Skip to Content
View site list




Click here for free access to Canadian public sector construction bids & RFPs

Edmonton library opens up with a steel heart

Ian Harvey
Edmonton library opens up with a steel heart

Turning a 50-year-old concrete warehouse from a place to store books into a bright and airy community space for collaboration and learning is no easy task.

Front and centre in the transformation of Edmonton’s Stanley A. Milner Library is a heart of steel and a zinc skin exterior which has drawn both accolades and awards for architect Stephen Teeple, including a 2018 Canadian Institute of Steel Construction (CISC) award.

It has also drawn a serious amount of criticism, something that rankles Teeple because those denigrating his work aren’t seeing the vision from the inside, which ultimately influences the exterior impression.

He is truly passionate about his design and earnest in his approach to bring light and a sense of community to places where it never existed in keeping with a more modern approach to designing space and structure.

More on that later. First, it helps to understand the challenge Teeple and his team faced in bringing the downtown library into the 21st century. The existing monolith was more reminiscent of a warehouse than a centerpiece of Churchill Square in the heart of downtown Edmonton.

“Total demolition wasn’t an option,” Teeple says. “There’s a lot of multi-level rental design space. The library was two floors and there was a big theatre in the basement. There was some merit to it.”

So, first there was extensive demolition, hazardous material abatement and removal of the old facade.

Then, following the Teeple Architects’ design came the steel, including a structural steel facade, interior steel seismic reinforcements of existing concrete columns, stairs and access ramps.

Open-web steel joists and floor/roof decking were added. A new structure was put in place on the south side while a new lower-level connection to the Light Rail Transit was installed.

Within the newly emerging space created by the added atrium, the design also called for innovative uses of structural steel, to support the dramatically contoured façade. This was achieved through a creative system of trusses.

A steel reading ramp that wraps around that open atrium space creates niches for solo contemplation or collaborative teams to meet, work and share.

The design team wanted to stretch out the space, with few columns to clutter up the visual impact. As such giant trusses were built to provide support yet not fill in the space.

“The idea was to stretch the atrium across the face of it and for it to look almost suspended with very few columns,” Teeple says. “So we used a giant truss cutting across an entire city block that slopes from the sixth floor to the third floor and supports the whole thing with this big triangular truss so there are only three columns which branch out. You can only do this with steel.”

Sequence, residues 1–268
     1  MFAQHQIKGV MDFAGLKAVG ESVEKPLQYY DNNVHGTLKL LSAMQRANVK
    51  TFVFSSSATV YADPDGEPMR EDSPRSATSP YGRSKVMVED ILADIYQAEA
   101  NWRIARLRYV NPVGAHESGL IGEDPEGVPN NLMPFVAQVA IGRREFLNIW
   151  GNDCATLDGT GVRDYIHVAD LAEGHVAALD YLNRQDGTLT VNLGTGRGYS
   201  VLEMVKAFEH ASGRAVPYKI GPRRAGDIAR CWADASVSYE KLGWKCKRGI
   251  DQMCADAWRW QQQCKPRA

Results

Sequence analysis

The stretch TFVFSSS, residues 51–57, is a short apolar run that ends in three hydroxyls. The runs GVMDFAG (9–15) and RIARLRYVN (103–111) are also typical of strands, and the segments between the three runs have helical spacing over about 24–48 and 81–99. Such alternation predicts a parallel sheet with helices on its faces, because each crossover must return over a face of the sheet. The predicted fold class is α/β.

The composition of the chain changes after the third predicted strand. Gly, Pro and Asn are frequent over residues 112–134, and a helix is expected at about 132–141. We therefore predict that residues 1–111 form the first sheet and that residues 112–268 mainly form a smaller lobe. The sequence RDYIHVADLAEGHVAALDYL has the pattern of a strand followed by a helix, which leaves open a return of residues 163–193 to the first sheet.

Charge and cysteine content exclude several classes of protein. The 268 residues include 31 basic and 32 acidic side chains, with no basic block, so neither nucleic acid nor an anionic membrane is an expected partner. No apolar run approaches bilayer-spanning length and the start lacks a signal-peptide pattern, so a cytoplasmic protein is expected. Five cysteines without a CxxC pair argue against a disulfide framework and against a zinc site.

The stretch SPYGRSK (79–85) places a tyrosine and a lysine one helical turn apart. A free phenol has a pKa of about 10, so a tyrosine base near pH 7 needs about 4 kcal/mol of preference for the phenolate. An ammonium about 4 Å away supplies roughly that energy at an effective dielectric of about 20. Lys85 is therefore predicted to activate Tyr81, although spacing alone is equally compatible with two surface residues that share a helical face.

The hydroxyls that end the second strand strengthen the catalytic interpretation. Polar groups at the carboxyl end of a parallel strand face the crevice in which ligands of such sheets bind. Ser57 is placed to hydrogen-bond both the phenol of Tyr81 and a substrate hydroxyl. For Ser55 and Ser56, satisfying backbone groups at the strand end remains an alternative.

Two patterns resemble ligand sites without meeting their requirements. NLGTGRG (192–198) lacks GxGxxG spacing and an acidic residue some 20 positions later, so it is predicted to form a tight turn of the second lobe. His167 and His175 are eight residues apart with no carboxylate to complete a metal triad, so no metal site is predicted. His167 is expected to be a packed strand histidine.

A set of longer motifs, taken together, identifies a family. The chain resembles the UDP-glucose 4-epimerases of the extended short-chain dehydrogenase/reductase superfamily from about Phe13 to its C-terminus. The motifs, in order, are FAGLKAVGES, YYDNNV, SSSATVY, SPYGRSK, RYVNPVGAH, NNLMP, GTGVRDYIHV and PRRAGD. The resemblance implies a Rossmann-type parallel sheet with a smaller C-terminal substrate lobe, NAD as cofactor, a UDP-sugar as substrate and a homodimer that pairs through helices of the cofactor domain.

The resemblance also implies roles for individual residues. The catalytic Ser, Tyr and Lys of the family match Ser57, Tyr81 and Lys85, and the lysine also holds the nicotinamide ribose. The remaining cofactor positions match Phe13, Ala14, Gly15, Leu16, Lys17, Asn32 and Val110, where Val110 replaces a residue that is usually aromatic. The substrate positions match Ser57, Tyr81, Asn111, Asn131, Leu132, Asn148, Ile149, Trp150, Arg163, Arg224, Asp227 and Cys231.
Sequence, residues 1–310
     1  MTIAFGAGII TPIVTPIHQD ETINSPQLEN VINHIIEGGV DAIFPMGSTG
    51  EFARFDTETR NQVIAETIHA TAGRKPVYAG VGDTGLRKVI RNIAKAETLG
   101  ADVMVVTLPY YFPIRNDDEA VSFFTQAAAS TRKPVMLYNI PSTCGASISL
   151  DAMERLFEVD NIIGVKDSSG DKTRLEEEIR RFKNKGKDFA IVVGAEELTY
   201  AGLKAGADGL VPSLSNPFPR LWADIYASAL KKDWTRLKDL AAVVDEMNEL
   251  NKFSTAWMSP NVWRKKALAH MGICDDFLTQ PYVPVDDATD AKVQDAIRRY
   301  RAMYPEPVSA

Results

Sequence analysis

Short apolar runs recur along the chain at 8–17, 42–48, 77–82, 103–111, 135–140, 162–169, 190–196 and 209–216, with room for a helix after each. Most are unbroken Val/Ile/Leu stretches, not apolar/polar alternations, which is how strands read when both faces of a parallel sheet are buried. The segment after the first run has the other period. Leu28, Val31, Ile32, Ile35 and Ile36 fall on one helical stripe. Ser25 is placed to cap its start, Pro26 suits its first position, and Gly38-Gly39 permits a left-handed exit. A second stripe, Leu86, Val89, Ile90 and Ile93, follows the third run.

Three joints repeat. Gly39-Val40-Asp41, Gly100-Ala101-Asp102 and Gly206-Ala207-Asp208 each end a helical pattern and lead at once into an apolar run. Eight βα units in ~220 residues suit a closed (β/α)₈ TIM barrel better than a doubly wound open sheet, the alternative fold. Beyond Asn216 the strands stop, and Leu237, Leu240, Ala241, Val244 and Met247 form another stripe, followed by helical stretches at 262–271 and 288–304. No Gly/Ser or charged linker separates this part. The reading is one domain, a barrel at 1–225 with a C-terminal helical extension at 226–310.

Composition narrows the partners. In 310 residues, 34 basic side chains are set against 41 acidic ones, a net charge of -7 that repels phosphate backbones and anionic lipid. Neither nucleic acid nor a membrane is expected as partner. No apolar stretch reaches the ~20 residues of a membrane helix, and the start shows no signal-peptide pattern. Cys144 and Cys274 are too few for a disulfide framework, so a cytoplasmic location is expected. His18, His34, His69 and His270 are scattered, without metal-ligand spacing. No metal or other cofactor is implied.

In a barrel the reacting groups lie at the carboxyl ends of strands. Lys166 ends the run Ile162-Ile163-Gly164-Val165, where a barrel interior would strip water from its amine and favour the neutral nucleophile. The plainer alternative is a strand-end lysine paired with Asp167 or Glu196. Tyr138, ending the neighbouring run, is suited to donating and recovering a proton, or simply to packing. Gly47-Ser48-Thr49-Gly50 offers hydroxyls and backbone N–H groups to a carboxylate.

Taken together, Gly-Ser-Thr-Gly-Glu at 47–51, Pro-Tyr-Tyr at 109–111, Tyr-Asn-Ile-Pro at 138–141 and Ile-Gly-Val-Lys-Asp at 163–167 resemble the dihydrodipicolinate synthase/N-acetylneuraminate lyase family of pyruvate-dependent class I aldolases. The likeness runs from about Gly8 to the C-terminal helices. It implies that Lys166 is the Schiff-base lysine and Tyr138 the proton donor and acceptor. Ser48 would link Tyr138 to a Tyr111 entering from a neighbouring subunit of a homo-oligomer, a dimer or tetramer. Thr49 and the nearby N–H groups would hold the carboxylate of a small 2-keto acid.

The interior will be the proof of concept, he says, and the air and light it provides will put everything else into perspective.

“When you flow in from the corner you can see your whole journey, it creates a connection for the community and all the services,” he says.

While Edmonton isn’t particularly regarded as an earthquake zone, the building code has since changed to require seismic upgrades and that too has been done with steel, Teeple says, with cross-bracing of concrete columns.

“Steel helps make that public gesture of extending the space out,” he says. “The flow of space starts from the outside and goes inside. We’ve created public space that wasn’t there before.”

While the exposed steel is treated more esthetically, there’s a fair amount of “working” steel which is not seen and serves to structurally bind components together, he says.

And where there is drywall, it’s an acoustic panel to ensure that the ambient sound levels are kept under control. It is, after all, a library.

Even the centerpiece artwork is steel: a hydro cut plate by artist Peter von Tiesenhausen.

The exterior was a conscious choice, Teeple says, given that using glass would have created all kinds of energy issues with heat gain and loss.

Azengar Zinc panels were chosen. Teeple has used zinc cladding previously, notably at the the Stephen Hawking Centre at the Perimeter Institute in Waterloo, Ont.  There, the exterior zinc panels and gold-coloured glass complement and contrast with the existing building.

“And we like the stretching of the skin,” he says of the Edmonton library which opens in February 2020. “We’re taking a dull box and then stretching this metal skin across it.

“It’s a beautiful, durable material and has the advantage over something like copper in that it doesn’t discolour over time. Basically it lasts forever and Azengar, the new coating, is really popular in Europe where it is everywhere.”

Teeple says the wall system is a light-gauge metal roof deck which takes the load and then there is a clip, which is thermally broken. The zinc is then cleated to be thermally broken.

“It’s a 100-per-cent thermally broken system,” he says noting the system brings a high energy conservation factor to the envelope and scored highly with LEED. “It’s a very high performing building envelope.”

Recent Comments

comments for this post are closed

You might also like